Kingfisher (Alcedo atthis) near Wychbold, Worcestershire
© David Pike/Minden Picture
Small but beautiful, it’s not often you get a close-up look at a kingfisher on its perch. You’re more likely to glimpse a metallic flash of those blue-green feathers as it dives into the water after its prey - small fish like minnows and sticklebacks. The common kingfisher (Alcedo atthis) is just one of more than 100 kingfisher species across the world, ranging from the tiny African dwarf kingfisher - weighing in at 9g (less than half an ounce) - to the Australian laughing kookaburra, which tips the scales at nearly 500g (18oz).
This particular version’s beautiful plumage made it a target for taxidermists and milliners in Victorian times. These days, its main threats are river pollution and severe winters which put its food supply at risk. For such a small bird, it has a large appetite and must eat its own body weight (between 34g and 46g) in fish and insects every day to survive. If there are chicks to feed as well, kingfishers will spend every moment of daylight hunting for fish.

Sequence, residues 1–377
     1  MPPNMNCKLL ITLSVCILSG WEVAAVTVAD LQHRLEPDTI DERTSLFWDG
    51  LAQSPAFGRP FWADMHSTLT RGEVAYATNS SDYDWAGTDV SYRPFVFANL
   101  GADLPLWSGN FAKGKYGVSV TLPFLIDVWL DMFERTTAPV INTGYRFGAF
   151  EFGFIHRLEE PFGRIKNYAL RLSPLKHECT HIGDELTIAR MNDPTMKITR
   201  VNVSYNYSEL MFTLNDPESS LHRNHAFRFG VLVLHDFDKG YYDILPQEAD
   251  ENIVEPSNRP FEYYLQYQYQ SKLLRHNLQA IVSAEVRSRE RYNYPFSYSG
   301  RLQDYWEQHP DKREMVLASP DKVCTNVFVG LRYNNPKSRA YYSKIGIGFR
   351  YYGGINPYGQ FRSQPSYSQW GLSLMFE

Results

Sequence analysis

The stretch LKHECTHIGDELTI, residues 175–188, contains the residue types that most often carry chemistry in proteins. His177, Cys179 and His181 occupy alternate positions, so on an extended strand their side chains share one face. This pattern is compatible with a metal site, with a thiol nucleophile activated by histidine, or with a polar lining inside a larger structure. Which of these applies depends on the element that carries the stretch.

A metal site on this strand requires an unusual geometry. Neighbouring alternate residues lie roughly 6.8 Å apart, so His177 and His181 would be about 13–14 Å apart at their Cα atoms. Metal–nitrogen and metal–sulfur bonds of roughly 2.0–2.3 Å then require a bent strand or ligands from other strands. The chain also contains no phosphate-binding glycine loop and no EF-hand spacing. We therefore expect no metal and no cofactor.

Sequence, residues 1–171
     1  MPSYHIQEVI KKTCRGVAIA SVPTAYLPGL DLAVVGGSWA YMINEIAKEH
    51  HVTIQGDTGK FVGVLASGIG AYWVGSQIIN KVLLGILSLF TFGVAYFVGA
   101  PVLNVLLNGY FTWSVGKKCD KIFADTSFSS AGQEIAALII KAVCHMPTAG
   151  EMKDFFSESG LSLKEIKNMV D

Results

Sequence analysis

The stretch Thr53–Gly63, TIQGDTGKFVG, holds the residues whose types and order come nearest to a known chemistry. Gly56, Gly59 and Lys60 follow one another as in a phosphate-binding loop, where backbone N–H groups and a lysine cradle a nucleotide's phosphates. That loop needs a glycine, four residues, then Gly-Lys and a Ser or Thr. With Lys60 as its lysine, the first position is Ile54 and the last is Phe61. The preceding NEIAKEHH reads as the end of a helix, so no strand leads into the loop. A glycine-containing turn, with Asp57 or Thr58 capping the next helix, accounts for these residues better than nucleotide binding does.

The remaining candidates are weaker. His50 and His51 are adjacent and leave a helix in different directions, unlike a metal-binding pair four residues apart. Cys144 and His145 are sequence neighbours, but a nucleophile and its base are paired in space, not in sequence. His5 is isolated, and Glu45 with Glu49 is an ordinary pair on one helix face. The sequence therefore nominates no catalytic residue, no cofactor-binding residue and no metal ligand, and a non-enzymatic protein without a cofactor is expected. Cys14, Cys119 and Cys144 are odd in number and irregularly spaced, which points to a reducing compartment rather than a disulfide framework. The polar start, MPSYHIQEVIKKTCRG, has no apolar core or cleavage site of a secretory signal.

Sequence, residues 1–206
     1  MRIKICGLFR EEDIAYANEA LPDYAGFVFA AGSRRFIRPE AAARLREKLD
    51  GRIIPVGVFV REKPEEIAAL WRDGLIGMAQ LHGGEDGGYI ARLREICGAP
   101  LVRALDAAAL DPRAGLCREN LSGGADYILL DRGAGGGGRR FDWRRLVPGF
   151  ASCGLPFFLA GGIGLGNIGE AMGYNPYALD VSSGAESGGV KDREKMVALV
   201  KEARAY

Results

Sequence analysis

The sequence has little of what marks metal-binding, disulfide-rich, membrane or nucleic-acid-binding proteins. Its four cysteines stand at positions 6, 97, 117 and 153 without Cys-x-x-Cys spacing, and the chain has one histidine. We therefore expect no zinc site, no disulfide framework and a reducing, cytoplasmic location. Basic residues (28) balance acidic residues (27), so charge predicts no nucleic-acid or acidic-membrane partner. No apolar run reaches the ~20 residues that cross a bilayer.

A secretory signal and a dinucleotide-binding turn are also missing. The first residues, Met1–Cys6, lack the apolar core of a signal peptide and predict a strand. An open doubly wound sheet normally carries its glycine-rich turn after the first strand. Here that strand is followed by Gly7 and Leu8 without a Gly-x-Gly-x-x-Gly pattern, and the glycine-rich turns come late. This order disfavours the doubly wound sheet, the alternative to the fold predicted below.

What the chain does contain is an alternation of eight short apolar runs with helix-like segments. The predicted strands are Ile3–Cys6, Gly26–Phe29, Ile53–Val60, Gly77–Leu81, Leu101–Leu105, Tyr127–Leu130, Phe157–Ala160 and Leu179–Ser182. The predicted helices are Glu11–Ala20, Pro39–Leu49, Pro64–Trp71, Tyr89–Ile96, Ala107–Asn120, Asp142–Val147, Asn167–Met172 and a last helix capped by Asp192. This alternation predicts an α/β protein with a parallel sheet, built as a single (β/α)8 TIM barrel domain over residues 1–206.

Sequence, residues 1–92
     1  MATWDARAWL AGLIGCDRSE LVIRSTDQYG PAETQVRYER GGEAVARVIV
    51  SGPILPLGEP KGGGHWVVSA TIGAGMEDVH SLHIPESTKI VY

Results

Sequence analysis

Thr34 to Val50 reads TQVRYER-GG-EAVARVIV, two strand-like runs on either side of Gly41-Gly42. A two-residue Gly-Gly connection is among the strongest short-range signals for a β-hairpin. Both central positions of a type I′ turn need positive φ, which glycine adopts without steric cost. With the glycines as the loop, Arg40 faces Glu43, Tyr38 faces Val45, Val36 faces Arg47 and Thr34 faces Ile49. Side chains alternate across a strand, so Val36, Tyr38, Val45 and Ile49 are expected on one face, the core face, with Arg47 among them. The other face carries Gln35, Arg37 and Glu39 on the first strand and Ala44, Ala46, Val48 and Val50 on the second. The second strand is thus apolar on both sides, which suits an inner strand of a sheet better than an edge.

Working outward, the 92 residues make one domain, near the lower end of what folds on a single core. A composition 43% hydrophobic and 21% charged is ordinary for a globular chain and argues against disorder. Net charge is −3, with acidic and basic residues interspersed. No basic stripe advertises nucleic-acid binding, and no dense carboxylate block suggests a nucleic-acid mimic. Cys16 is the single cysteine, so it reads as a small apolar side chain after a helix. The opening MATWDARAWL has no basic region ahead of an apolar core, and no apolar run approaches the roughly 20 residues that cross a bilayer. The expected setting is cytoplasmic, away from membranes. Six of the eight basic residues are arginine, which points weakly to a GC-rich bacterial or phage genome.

They nest, not in trees, but in holes in riverbanks and are very territorial, covering stretches of river of at least 1km. If you’re lucky, you may see one skimming the water’s surface, constantly on the lookout for its next meal.